April 1, 2008 / 3:25 AM / 11 years ago

Stolen Aboriginal art found in Australian bushland

Aboriginal painting titled "Old Man's Death" by Old Tutuma Tjapangati, one of seven paintings stolen from the Museum and Art Gallery of the Northern Territory, is seen in this undated handout photograph obtained April 1, 2008. REUTERS/Museum and Art Gallery of the Northern Territory/Handout

CANBERRA (Reuters) - Seven historic Aboriginal paintings were found in bushland in the northern Australian city of Darwin, several hours after they were stolen from a Northern Territory art gallery, police said on Tuesday.

The seven paintings included six works from the Papunya Tula, or Western Desert Art Movement of central Australia, which popularized the indigenous art movement in the 1970s with their dot paintings of traditional stories.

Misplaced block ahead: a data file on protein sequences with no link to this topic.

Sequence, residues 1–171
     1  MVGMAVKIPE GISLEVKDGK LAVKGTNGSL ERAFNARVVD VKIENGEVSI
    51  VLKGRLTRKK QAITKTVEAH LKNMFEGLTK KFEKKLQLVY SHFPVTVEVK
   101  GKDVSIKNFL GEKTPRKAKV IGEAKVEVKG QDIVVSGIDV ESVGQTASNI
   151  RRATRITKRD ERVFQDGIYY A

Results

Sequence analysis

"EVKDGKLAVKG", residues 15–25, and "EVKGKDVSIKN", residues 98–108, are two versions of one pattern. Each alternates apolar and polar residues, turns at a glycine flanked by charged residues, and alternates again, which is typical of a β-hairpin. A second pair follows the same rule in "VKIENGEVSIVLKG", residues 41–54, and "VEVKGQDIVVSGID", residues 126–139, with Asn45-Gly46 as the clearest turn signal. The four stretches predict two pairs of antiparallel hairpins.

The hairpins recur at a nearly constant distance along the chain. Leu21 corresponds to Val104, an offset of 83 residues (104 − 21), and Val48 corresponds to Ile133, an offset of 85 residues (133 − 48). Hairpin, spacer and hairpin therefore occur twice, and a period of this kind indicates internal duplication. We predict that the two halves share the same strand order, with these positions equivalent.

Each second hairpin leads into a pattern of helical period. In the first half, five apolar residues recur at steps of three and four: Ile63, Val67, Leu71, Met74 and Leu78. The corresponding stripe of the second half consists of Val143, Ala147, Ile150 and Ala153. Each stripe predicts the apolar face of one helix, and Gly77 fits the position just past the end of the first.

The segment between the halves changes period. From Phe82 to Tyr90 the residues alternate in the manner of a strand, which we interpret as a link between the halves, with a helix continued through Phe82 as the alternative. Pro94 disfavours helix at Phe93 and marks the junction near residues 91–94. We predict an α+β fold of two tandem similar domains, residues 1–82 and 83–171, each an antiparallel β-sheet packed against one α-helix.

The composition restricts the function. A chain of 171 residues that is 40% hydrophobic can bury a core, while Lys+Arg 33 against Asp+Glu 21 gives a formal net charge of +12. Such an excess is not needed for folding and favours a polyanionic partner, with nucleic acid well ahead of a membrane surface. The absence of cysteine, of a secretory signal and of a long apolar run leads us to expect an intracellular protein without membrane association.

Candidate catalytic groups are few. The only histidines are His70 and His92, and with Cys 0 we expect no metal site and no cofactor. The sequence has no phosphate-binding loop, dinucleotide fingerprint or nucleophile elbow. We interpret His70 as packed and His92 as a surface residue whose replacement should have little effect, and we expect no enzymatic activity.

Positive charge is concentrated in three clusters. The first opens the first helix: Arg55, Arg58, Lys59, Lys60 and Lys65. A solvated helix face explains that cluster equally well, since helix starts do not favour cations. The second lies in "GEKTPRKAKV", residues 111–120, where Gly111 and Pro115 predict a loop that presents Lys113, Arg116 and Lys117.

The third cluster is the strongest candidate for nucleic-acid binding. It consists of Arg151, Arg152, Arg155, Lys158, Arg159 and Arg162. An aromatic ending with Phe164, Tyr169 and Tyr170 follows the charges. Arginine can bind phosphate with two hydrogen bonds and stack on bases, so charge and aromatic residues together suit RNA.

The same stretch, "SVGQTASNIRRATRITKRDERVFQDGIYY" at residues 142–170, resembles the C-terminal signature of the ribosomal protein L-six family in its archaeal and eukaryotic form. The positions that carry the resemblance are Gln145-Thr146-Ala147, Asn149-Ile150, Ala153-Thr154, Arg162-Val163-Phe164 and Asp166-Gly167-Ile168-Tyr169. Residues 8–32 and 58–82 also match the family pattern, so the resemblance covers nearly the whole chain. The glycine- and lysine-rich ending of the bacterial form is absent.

“The paintings ... were located in bushland near the Darwin Bowls and Social Club,” police said, adding one man had been taken into custody for questioning over the theft.

Papunya Tula paintings are among the most popular and valuable in Australia, with a 1977 work by the late Clifford Possum Tjapaltjarri selling for A$2.4 million ($2.2 million) in 2007.

Gallery director Anna Malgorzewicz said the paintings were historically significant works.

“They are one of the first bodies of work from that area, so they (are) historically very significant,” she said.

Reporting by James Grubel

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